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As I mentioned, there were a few stylistic guidelines that I don't adhere to; none of them strike me as flat-out wrong, but I've chosen to do things differently.

For amusement value only, here's a list of things I'd do differently that I noticed while reading through today, mostly from the first few chapters:

  • Use two column indents rather than four.
  • Omit semicolon after the final statement in a block if it is an explicit or implicit return.
  • Cuddle elses and elsifs. (Add a blank line above if the else block forms a paragraph.)
  • When breaking lines for an assignment, put the equal sign after the variable name.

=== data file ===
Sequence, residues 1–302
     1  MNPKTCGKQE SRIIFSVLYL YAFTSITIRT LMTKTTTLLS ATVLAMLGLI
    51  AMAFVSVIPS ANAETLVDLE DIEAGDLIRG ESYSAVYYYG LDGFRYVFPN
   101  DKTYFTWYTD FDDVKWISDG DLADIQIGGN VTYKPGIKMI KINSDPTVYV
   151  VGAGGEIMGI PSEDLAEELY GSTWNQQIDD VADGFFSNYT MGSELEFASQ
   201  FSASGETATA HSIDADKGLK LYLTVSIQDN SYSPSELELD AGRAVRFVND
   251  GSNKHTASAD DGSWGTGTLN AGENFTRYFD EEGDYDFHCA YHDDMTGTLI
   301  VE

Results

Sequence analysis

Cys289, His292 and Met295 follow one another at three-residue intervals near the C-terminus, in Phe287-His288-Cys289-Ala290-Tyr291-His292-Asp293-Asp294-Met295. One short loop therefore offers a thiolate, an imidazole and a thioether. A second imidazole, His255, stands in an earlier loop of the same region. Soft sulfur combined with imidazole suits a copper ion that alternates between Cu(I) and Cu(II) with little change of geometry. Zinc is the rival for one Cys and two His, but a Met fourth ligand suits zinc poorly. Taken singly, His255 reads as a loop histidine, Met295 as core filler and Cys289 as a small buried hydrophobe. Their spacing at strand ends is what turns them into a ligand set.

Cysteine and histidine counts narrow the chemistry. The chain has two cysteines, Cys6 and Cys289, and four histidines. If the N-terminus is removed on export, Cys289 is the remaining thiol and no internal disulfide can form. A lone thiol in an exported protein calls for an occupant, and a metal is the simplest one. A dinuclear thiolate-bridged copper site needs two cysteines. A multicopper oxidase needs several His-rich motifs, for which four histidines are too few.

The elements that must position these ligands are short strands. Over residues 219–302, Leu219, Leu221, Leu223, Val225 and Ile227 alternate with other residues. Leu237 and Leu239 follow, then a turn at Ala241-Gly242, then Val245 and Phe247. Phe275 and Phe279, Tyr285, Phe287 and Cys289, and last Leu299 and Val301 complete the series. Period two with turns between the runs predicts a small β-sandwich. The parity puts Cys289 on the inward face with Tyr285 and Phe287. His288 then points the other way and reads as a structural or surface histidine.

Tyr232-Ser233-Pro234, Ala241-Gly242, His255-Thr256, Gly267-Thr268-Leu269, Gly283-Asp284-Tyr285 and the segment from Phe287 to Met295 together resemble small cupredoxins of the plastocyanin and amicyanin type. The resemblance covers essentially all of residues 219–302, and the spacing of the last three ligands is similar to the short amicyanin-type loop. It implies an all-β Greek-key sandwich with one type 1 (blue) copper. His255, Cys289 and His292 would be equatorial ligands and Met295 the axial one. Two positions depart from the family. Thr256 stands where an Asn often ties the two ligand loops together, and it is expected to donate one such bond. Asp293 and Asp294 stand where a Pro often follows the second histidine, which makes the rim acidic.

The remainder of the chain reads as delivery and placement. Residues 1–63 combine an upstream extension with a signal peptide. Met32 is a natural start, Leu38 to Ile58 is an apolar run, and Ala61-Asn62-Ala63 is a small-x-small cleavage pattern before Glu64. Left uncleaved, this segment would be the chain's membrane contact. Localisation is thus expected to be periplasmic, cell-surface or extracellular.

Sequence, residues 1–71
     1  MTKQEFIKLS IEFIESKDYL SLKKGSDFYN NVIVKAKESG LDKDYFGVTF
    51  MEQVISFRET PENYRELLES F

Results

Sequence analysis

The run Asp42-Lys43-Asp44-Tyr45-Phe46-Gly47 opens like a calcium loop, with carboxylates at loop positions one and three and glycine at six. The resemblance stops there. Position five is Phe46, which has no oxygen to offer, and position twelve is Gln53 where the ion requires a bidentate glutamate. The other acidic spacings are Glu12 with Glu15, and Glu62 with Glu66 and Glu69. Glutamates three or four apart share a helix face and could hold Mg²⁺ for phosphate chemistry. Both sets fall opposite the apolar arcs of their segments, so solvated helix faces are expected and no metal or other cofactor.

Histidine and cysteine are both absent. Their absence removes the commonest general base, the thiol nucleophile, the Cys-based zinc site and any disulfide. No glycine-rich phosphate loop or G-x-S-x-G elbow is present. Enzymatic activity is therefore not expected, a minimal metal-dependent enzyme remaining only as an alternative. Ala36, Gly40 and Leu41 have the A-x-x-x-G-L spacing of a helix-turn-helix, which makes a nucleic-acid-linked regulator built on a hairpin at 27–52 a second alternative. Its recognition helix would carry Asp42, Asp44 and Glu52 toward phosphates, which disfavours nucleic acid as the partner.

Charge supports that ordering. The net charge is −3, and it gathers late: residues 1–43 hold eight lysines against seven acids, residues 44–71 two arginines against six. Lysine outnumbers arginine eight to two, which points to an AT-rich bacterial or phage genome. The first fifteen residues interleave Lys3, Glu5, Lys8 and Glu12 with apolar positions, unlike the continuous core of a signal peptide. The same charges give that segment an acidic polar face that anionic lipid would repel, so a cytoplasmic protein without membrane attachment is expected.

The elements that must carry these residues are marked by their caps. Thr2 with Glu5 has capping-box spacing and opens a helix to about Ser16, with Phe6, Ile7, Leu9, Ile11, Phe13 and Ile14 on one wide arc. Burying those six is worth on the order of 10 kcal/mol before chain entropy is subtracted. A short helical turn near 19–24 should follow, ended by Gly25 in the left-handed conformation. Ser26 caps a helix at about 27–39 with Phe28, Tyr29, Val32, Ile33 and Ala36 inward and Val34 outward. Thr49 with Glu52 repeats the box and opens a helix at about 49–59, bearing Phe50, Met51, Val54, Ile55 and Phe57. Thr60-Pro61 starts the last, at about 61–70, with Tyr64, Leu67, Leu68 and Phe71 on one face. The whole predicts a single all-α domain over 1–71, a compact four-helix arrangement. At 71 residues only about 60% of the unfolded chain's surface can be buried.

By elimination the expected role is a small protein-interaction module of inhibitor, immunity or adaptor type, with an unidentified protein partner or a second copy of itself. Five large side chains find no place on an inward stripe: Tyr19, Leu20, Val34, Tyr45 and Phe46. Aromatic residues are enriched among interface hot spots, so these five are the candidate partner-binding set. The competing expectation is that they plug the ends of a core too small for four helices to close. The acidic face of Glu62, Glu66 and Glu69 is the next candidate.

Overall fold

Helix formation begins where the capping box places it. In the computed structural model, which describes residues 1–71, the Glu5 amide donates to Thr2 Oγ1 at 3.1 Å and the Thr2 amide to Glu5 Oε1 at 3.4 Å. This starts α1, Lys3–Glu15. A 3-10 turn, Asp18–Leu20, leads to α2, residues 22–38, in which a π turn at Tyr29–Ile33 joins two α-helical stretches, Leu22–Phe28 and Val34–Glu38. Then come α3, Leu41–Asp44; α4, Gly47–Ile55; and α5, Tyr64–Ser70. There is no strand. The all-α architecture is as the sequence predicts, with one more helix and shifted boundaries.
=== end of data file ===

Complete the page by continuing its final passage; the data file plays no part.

• When breaking lines in a ternary expression, place the colon under the question mark for simple ternaries, or at the end of each line for cascading ternaries.
  • Always put semicolons at the end of a line, never on a line by itself.
  • It's OK to use implicit returns when a subroutine ends with delegation or calculation of the result.
  • Use two-part version numbers for portability, not three-part version strings.
  • Don't use a hash reference to hold named argument pairs when a regular list of pairs will do; getting an odd-number error at compile time rather than run-time isn't worth the extra punctuation this induces.

For the more contentious suggestions, Damian does a good job of laying out the various pro and con arguments, so it's easy to see how a development team could use this this text as the basis of their style discussions and end up with a document that says "use the PBP style except for the following 5-10% set of local differences".


In reply to Re: Perl Best Practices by simonm
in thread Perl Best Practices by simonm

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